Since the outbreak of the #MeToo movement, sexual assault allegations have been made in multiple industries, from the film industry, fashion industry, U.S.A. Gymnastics, to even the U.S. Senate and House. According to the U.S. Equal Employment Opportunity Commission’s (EEOC) 2016 study, 1 in 4 women are sexually harassed in the workplace. While this toxic corporate culture might be more overt in certain industries, it’s imperative that the multifamily housing industry collectively incorporates policies that will ensure these communities are a safe place to live and work.
How Widespread is Sexual Assault?
Legally, sexual assault is a broad term that includes crimes like sexual harassment, any unwanted sexual contact, child sexual abuse, and rape. Overall, sexual assault is surprisingly common, as “one in four women and one in six men will be sexually assaulted in their lifetime.” On top of this, the Connecticut Alliance to End Sexual Violence further reports that nationally, “one in every seven victims of sexual assault is under the age of 6, and one in four victims of sexual assault under the age of 12 is male.” With sexual assault so widespread, no industry is immune. It’s vital that rental communities create procedures that aim to prevent sexual assault and properly address a victim’s needs if it occurs.
Some Much Needed Policy Updates
While there is no fool-proof method to prevent sexual abuse or harassment in the workplace, there are a couple of measures you can take to curb potential threats. First and foremost, you should be performing pre-employment screening on all job applicants. This is especially important for potential property managers, on-site managers, or maintenance staff as they have the most contact with residents. Above all you want your residents to feel safe, as your staff’s actions have a ripple effect on your community. In addition to screening all of your job applicants, you should make sure your community utilizes annual employee background checks that are relevant to their position as well. Updating records to ensure employees who have access to vehicles maintain a clean driving record, and anyone with access to rental units maintains a criminal record that meets your company’s standards for employment. While it might seem redundant, annual employment background checks are the most objective method to making sure your company’s standards are being met. You might find out that your colleague or employee’s criminal history has become much more concerning than when they started several years ago.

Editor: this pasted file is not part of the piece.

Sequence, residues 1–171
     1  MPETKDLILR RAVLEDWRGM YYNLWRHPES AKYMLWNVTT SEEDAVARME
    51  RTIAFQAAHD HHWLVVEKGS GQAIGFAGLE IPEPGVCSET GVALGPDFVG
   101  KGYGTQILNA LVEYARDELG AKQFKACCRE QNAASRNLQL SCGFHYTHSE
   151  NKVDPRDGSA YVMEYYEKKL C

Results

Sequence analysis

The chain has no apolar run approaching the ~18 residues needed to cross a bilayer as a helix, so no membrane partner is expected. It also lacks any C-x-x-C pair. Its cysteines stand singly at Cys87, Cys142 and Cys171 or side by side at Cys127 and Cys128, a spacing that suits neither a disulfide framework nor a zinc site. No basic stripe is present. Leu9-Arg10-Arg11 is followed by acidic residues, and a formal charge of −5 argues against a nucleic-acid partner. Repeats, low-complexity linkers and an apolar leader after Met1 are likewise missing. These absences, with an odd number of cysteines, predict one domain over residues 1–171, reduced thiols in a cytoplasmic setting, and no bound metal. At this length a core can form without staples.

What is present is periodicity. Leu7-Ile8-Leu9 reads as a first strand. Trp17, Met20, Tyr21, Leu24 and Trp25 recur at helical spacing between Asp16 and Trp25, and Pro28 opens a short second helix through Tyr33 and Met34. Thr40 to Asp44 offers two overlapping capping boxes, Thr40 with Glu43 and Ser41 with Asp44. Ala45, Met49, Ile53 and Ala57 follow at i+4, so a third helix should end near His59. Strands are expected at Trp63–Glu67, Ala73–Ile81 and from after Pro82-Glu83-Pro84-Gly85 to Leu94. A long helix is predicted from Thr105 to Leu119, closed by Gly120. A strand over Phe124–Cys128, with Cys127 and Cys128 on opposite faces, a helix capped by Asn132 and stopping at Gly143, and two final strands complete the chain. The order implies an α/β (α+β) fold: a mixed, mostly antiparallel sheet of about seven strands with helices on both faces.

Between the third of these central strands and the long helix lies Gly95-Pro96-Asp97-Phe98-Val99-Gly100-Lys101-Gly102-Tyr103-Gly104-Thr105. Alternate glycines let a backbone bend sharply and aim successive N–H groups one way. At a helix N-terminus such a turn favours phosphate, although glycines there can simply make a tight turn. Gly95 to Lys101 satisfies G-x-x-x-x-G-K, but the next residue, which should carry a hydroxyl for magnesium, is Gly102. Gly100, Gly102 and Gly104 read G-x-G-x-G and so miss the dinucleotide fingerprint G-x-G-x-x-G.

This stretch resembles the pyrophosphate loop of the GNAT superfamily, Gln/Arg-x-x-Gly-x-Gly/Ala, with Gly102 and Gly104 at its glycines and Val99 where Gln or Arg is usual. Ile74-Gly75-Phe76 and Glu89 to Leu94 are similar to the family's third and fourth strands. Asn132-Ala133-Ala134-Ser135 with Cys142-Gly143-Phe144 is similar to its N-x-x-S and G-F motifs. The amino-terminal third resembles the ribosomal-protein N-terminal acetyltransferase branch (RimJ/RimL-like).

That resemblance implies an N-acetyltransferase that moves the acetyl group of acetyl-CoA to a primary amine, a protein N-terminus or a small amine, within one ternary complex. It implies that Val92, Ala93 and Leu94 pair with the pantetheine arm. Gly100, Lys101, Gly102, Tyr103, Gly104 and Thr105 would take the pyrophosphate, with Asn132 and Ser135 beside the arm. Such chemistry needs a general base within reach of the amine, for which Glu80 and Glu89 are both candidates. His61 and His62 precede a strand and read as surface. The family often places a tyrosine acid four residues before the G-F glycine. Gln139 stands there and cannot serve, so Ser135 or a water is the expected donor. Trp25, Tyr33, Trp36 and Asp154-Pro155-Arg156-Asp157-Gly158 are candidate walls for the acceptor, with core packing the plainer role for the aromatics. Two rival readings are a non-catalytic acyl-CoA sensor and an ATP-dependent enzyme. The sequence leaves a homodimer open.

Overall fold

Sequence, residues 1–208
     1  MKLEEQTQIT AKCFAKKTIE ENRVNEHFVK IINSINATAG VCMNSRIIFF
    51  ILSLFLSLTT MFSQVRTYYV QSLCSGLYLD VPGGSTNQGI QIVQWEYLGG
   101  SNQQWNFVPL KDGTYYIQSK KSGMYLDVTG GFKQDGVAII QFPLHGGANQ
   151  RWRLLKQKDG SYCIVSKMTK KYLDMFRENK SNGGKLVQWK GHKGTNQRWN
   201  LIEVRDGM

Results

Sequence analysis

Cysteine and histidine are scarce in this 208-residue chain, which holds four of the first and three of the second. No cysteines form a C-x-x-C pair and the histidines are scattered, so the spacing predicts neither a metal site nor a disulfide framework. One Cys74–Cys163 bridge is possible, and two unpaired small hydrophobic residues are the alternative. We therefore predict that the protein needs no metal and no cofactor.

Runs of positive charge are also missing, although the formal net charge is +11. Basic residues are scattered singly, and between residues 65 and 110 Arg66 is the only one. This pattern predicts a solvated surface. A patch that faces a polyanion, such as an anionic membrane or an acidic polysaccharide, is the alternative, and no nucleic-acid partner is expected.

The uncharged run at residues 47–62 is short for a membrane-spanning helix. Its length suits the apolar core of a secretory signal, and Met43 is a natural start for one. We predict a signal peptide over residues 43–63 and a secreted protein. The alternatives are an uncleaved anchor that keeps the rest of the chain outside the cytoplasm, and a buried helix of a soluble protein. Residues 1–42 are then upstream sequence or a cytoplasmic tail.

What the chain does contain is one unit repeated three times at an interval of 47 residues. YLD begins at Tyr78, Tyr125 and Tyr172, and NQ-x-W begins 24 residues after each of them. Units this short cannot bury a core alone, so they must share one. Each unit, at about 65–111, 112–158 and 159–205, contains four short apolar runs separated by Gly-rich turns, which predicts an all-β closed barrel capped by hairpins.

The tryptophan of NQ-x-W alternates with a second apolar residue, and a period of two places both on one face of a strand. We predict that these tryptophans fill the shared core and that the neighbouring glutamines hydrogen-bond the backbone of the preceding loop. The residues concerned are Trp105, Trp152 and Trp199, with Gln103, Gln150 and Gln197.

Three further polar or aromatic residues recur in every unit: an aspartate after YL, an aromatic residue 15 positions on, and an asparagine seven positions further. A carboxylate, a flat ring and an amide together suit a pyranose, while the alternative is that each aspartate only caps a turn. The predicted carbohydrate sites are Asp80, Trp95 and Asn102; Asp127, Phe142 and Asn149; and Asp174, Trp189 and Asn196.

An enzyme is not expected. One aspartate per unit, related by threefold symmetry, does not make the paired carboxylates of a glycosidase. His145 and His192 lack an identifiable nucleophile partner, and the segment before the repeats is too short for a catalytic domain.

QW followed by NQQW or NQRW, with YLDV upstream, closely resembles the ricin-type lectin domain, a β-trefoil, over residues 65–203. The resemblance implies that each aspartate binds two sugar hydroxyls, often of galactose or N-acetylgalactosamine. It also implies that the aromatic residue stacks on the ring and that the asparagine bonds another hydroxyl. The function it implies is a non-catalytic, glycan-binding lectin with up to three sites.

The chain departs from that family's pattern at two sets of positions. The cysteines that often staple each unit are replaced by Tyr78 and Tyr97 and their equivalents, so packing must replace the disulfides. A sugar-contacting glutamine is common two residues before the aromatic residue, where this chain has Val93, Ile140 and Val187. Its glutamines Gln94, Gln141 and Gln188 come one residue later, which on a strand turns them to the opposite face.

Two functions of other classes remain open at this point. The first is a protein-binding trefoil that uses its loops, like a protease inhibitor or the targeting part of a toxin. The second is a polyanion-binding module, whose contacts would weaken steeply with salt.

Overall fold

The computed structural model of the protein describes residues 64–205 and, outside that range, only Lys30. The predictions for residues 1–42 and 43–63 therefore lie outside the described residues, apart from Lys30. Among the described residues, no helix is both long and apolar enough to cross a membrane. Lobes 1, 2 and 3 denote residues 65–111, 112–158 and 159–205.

If sexual assault or harassment occurs, your company needs to be prepared. Investigate all complaints using timely and proper methods, making sure to contact the victim and address their needs along the way. Above all, make it a priority to create a corporate culture where employees feel comfortable making formal complaints without risking their career in the process. The EEOC found in a 2003 study that “approximately 30% of individuals who experienced harassment talked with a supervisor, manager, or union representative” as “75% of employees who spoke out against workplace mistreatment faced some form of retaliation.” Clearly define what constitutes harassment in multifamily positions to all of your employees while they’re undergoing initial training, and include veteran employees with refresher content as well. Grace Hill offers an excellent free sexual harassment training course for property managers (available in both English and Spanish). They also offer a similar sexual harassment course for supervisors at a nominal fee.
While you might have some of these policies already in place in your communities, it’s important that these policies (especially when a sexual harassment complaint is filed) are continuously upheld. We cannot let sexual harassment allegations fall through the cracks. Above all, it’s essential that both employees and residents feel safe within their communities, victims included.
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